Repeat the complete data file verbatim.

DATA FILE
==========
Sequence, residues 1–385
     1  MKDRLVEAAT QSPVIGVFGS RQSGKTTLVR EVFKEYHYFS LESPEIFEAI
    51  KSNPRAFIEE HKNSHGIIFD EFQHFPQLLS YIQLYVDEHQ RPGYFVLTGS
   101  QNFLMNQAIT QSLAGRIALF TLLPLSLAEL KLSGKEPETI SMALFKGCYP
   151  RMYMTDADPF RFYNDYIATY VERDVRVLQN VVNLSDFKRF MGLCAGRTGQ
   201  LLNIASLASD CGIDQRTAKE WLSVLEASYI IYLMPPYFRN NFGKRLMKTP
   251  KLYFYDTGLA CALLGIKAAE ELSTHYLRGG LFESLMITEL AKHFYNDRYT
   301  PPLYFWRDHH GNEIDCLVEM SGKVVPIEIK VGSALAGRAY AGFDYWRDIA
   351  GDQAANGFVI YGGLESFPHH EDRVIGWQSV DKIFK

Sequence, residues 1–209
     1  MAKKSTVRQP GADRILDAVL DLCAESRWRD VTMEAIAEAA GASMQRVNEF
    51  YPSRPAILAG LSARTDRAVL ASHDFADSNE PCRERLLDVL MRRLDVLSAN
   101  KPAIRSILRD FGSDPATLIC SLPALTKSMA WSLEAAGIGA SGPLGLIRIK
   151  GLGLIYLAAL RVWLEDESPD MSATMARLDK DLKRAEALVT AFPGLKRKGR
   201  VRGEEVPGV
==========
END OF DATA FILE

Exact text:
Sequence, residues 1–385
     1  MKDRLVEAAT QSPVIGVFGS RQSGKTTLVR EVFKEYHYFS LESPEIFEAI
    51  KSNPRAFIEE HKNSHGIIFD EFQHFPQLLS YIQLYVDEHQ RPGYFVLTGS
   101  QNFLMNQAIT QSLAGRIALF TLLPLSLAEL KLSGKEPETI SMALFKGCYP
   151  RMYMTDADPF RFYNDYIATY VERDVRVLQN VVNLSDFKRF MGLCAGRTGQ
   201  LLNIASLASD CGIDQRTAKE WLSVLEASYI IYLMPPYFRN NFGKRLMKTP
   251  KLYFYDTGLA CALLGIKAAE ELSTHYLRGG LFESLMITEL AKHFYNDRYT
   301  PPLYFWRDHH GNEIDCLVEM SGKVVPIEIK VGSALAGRAY AGFDYWRDIA
   351  GDQAANGFVI YGGLESFPHH EDRVIGWQSV DKIFK

Sequence, residues 1–209
     1  MAKKSTVRQP GADRILDAVL DLCAESRWRD VTMEAIAEAA GASMQRVNEF
    51  YPSRPAILAG LSARTDRAVL ASHDFADSNE PCRERLLDVL MRRLDVLSAN
   101  KPAIRSILRD FGSDPATLIC SLPALTKSMA WSLEAAGIGA SGPLGLIRIK
   151  GLGLIYLAAL RVWLEDESPD MSATMARLDK DLKRAEALVT AFPGLKRKGR
   201  VRGEEVPGV